POSTSCRIPT / October 28, 2004 / Thursday

By FEDERICO D. PASCUAL JR.

Philippine STAR Columnist

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The top brass themselves inflicted damage on AFP

FACE THE MIRROR: The generals and their barkers are screaming about saving the armed forces as an institution, sparing them trial by publicity, distinguishing between the corrupt and the clean officers, et cetera.

These supposed officers and gentlemen should look at themselves in the mirror — like they do before formation — and tell themselves the same things.

If they cared at all for the uniform, the institution, their integrity and all that, they should not have indulged in those corrupt practices that are now bringing shame on the armed forces.

All these decades, some cliques dominated by graduates of the Philippine Military Academy virtually destroyed the armed forces. For what? For personal gain.

Posted to key positions by their seniors from the academy, the crooks were able to institutionalize graft and refine the modus operandi.

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ALL FOR ONE: It is sad that hoodlums in uniform have been able to corrupt their mistahs who would have remained as idealistic as when they stepped out of the academy.

Those who did not have the moral fiber to resist have been swallowed by the system.

The same culture that seeks to preserve the system and protect those operating in it has been used to establish a network designed to bring in dirty millions for those who choose to play along.

Since they are all in it, they have to stand or fall together. As in battle, those inside the ring of fire must protect one another. This camaraderie they carried over from four years of cadetship (at a cost of P2 million per head) in the academy.

This is the only explanation why generals, possibly including some chiefs of staff, retire with millions falling out of overstuffed oversized pockets.

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WHY SHUT UP?: The “pabaon” tradition that ensures that a retiring chief of staff will be richer by several millions — without a peep from anybody — is an example of how the crooks collect money by the millions through a system created and refined by them almost to perfection.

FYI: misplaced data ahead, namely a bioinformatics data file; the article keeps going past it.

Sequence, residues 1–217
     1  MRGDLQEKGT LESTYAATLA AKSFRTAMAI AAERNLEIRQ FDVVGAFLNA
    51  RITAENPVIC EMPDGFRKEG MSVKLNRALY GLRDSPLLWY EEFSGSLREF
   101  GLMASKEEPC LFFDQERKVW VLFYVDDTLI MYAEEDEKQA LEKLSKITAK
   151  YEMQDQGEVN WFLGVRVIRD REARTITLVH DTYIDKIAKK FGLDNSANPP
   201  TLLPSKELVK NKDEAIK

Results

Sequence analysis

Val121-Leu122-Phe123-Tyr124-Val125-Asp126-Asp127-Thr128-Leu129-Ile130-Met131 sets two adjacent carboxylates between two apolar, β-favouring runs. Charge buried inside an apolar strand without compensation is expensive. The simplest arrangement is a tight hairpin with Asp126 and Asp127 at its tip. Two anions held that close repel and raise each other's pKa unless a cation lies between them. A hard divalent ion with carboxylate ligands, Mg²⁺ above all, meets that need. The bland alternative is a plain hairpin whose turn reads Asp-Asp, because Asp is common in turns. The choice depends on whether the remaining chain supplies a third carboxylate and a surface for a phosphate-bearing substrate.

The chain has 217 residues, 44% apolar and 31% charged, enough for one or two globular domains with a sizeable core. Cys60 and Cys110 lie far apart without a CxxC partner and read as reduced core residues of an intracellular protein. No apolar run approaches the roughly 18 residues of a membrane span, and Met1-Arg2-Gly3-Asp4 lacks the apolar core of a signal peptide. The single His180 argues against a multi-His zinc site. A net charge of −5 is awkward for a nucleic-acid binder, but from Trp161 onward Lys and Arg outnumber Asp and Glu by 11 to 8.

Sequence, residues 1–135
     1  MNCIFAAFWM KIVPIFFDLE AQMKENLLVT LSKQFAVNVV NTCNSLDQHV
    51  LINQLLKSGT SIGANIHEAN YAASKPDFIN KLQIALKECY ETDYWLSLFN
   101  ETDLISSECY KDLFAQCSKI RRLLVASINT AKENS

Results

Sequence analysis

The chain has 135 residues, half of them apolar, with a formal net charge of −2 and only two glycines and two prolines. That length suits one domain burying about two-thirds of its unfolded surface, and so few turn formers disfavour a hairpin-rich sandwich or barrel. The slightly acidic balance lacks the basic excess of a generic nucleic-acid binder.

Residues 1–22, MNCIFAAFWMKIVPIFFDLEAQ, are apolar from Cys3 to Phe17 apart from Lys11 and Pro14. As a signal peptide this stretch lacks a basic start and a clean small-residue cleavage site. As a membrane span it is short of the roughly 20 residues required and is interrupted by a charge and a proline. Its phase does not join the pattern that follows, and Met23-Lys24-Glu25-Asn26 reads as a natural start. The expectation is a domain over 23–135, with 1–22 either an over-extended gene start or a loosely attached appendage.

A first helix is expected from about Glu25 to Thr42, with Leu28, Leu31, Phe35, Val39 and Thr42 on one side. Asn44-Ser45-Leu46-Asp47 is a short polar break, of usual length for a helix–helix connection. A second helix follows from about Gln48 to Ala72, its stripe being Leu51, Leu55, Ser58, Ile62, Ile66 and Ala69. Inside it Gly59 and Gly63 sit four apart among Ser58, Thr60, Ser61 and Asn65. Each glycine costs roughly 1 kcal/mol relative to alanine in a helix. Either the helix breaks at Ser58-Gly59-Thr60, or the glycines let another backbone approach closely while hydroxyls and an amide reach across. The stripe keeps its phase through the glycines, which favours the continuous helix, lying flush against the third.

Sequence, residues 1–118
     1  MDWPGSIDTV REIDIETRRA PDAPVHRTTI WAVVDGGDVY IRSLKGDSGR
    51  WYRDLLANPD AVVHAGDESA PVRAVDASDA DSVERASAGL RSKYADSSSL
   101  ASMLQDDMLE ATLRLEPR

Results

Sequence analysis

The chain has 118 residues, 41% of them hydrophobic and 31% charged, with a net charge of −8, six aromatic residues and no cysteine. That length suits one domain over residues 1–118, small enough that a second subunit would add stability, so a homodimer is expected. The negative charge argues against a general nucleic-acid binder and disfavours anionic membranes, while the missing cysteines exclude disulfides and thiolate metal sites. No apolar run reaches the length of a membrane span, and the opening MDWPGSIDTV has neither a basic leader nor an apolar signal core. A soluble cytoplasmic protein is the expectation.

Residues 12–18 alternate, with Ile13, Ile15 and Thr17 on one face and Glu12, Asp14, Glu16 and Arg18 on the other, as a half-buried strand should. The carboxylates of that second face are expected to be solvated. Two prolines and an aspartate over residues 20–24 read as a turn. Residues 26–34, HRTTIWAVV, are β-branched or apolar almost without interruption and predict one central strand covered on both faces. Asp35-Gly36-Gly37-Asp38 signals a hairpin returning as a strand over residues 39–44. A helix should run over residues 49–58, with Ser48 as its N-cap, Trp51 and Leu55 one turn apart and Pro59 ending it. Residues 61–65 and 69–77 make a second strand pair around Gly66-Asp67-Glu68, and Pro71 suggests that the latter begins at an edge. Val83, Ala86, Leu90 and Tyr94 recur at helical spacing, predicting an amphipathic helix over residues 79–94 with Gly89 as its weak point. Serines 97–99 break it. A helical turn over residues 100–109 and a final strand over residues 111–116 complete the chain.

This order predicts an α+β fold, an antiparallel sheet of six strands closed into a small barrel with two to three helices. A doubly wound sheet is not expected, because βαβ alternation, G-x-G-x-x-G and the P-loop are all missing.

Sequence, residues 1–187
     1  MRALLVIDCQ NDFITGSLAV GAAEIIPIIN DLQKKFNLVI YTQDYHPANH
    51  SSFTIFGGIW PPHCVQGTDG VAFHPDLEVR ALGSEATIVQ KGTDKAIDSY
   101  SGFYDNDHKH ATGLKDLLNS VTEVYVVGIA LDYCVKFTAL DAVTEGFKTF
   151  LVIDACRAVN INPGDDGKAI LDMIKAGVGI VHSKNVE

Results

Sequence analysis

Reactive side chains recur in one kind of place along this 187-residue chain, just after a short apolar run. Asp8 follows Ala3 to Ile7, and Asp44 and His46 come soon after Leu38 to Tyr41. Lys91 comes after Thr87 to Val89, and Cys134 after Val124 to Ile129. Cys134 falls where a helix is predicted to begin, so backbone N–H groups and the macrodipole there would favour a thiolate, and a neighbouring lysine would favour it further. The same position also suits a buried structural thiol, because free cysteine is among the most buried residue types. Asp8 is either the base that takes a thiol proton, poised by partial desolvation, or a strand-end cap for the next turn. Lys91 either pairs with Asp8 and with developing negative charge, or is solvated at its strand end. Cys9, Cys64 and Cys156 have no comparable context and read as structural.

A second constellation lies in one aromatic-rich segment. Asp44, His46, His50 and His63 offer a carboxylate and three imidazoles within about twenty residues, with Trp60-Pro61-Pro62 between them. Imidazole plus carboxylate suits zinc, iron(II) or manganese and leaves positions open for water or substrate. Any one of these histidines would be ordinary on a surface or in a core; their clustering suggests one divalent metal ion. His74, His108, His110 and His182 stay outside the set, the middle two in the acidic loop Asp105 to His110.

How come money intended for the soldiers in the field is illegally “converted” for some other use, sometimes pocketed outright? Since the syndicate worked out the conversion for the beneficiary and themselves, no dissenting voice is heard within the system.

Some of them would even have the gall to deny that “conversion” takes place. Or to say with a poker face that there is no such thing as the “pabaon.” For men in uniform, their lying is unbelievable!

Now they want us private citizens to just keep quiet about a system that devours the many good men doing their job with dedication, that channels millions in taxpayers’ money and suppliers’ commissions to the bank accounts of generals?

They even have the temerity to threaten us poor citizens with a coup d’etat if we protest too much?

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TAX EVASION: If we are that desperate to raise so-called “sin taxes,” why are we cracking down only on cigarettes and alcoholic drinks? There are sins bigger than smoking and drinking.

For instance, why not go also after motels and inns of the “short-time” or wash-up variety?

If the Church itself has no qualms about accepting hefty donations from the Motel King and giving him a papal award in the process, why is not government chasing the sinful millions that his and other motels rake in DAILY?

The obvious reason why motels are left untouched, why their failure to issue official receipts is tolerated and their books hardly audited, is that these shady establishments are rich and ready sources of graft money.

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ARROYO FORMULA: Meantime, it seems that President Arroyo has succeeded in convincing the major cigarette makers to agree to a compromise formula on what would be a fair tax increase on tobacco products.